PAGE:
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WaMu's Fairy Tale Appraisals

Written By Brian Hicks

Posted April 16, 2008



Now that the housing bubble has gone down as quickly as ill-fated Hindenburg, what made all of that "appreciation" so illusory is now being slowly exposed.

And while most of the Monday morning quarterbacking has focused primarily on the idiocy of the loan programs that are blowing up in the faces of the banks that made them, an important leg of process has gone largely under the radar.

That’s because while making sure a borrower can actually afford to pay the note back is critically important, the biggest piece of the puzzle has always been the appraisal.

Without it, loans just do not close.

So "hitting the number" with a good appraisal has always been critical to getting a loan approved with a reasonable margin of safety for the lender.

That is, of course, until the bubble came along.

You see, when the mania hit its greedy heights the lenders even threw this piece of the puzzle away, along with all of those pesky guidelines that had worked without a hitch for over 40 years.

It was all part of a new paradigm in lending.

And its close-deals mantra was pretty simple: It was "whatever it takes."

So as we all sit around surrounded by housing rubble, it’s monumentally important for everyone to realize that this crash was no accident.

Instead, it came from countless and massive acts of carelessness as the pigs rushed to the trough. Of course, we all know who they are now.

One of them was Washington Mutual, one of the nation’s biggest lenders.

And as we have come to find out, WaMu also cut massive corners when it came to the appraisal process—a huge mistake.

After all, an accurate appraisal has always been the strongest fall back position for lender in the event of a foreclosure. Mistakes here cost lenders big time.

Of course, WaMu shareholders have been paying for those and other mistakes ever since—shares of the company are down over 77% since last year.

In fact, the company recently announced that it would layoff up to 3,000 employees, cut shareholder dividends and close its free-standing home-loan operations. Moreover, Wamu has set aside about $6.4 billion to cover loan losses, while financial analysts say the bank could lose up to $16 billion more.

But to fully understand what was going on with WaMu’s shaky appraisals, you need to read this story in The Seattle Times to get a grip on the insanity that swept over the business.

Wamu, by the way, was hardly alone. Everybody was doing it. Countrywide and KB homes are being sued for it.

By Susan Kelleher entitled: Appraisers say WaMu cut corners to increase its mortgage business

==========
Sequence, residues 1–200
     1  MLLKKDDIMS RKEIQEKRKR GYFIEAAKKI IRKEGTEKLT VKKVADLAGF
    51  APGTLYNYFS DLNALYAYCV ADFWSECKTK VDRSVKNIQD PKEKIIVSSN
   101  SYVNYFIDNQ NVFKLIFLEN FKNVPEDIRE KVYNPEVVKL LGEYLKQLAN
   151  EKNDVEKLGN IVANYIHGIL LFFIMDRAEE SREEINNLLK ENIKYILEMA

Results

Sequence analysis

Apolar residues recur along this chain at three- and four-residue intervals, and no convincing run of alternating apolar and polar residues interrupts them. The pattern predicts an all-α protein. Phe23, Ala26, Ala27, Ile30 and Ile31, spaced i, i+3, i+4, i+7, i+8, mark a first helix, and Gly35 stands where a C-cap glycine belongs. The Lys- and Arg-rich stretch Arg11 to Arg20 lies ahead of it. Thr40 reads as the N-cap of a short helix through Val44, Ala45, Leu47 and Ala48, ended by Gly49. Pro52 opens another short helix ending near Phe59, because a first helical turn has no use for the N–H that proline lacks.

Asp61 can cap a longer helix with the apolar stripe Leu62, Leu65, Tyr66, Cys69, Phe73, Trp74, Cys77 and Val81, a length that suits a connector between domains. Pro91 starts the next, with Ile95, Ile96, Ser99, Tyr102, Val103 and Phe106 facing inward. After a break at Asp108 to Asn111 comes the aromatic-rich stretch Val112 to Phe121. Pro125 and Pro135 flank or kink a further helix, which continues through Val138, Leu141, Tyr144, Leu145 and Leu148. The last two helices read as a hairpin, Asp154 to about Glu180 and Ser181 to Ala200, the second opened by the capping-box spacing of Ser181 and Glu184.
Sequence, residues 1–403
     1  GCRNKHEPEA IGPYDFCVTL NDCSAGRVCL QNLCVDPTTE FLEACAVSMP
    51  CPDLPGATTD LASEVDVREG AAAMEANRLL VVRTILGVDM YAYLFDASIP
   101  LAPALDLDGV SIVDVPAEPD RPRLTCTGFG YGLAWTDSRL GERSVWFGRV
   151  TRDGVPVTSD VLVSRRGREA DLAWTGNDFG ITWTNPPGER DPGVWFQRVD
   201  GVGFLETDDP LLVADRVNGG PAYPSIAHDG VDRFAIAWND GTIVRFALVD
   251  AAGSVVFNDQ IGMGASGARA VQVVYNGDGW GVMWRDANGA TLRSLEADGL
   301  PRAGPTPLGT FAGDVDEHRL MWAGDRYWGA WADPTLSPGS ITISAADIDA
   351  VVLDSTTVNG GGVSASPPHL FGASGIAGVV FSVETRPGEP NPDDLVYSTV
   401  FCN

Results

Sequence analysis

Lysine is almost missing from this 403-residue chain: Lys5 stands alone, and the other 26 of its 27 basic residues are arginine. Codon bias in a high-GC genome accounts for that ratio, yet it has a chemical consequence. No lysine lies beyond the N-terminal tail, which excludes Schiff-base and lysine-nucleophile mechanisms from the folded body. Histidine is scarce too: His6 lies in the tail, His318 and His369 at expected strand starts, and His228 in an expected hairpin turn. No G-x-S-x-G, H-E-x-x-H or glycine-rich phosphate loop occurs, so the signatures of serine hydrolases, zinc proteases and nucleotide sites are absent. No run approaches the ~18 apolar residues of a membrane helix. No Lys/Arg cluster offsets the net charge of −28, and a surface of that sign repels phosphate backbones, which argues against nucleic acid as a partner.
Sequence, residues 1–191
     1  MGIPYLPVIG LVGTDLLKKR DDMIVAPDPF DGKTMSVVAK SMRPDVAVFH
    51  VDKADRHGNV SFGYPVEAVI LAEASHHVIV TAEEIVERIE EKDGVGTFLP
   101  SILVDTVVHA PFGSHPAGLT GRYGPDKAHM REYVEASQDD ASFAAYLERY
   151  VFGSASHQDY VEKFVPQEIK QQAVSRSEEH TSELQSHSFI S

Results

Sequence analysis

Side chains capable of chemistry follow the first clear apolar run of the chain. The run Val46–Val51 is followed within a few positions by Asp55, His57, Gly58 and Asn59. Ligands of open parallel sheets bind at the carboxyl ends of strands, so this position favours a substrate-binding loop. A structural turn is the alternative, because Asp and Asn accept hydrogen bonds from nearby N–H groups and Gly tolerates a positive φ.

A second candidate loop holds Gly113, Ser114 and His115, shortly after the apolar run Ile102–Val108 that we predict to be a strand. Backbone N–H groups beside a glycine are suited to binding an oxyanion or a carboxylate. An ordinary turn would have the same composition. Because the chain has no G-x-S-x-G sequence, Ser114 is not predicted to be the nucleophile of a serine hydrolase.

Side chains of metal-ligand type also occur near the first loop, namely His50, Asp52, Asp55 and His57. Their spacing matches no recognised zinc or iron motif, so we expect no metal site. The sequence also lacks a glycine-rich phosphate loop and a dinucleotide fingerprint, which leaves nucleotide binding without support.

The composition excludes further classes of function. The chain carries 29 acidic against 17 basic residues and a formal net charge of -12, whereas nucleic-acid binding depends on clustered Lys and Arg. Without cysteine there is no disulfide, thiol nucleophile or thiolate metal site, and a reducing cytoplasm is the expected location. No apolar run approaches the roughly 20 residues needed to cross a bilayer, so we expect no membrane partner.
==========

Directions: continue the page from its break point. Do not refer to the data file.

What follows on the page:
"Washington Mutual’s mortgage woes come as no surprise to Graham Albertini, a real-estate appraiser who worked at WaMu’s Bellevue office when its mortgage business was going gangbusters.

Over eight years, Albertini said, he watched the bank trade safety for speed in its home-lending operations. The trade-off, he said, eroded fundamental safeguards put in place to protect WaMu from lending more against homes than they were worth.

When Albertini began working for WaMu in 1999, most mortgages were supported by a complete appraisal, which included an on-site property inspection, detailed measurements of the house and a physical drive-by of comparable homes by bank appraisers to determine if the house was worth what the buyer was willing to pay for it.

Every appraisal was given a cursory review, while pricier homes and houses with unusual features or circumstances were given an even closer review by a second certified appraiser. If everything checked out, the loan was sent to the bank’s underwriting department for completion.

"Up until 2001, it was a pretty good system. Every appraisal was looked at by a human being," said Albertini, who now works for American Home Appraisals on Mercer Island.

But as loan volume increased, so did the pressures – and the incentives – for WaMu appraisers to work faster and bypass safeguards that could have protected the bank against the high-risk mortgages now dragging it down, Albertini and other appraisers say.

"It’s the elimination of oversight in pursuit of profit. … That’s a formula for a breakdown," said appraiser Richard Hagar, who works with Albertini and regularly trains other colleagues and law-enforcement fraud investigators on appraisal standards.

The entire home-financing system, Albertini and Hagar said, was geared toward closing the deal, and appraisers who were willing to play along could make a lot of money.

Those who didn’t want to play complained loudly to federal banking regulators through professional organizations. By the thousands, they also posted their names on an Internet petition, warning as early as 2001 that undue pressure from aggressive brokers and lenders to bend the rules was endangering the nation’s banking system and the economy."


So as you can see, all of this mess was perfectly predictable. In fact, in the absence of raw greed it wouldn’t have happened at all.

Of course, it wouldn’t have hurt if the regulators would have stepped in and done jobs either.

Remember that the next time you hear the word bailout. Companies like WaMu don’t deserve to survive.

Great story Susan. Of course there’s more to it….. so read it in total.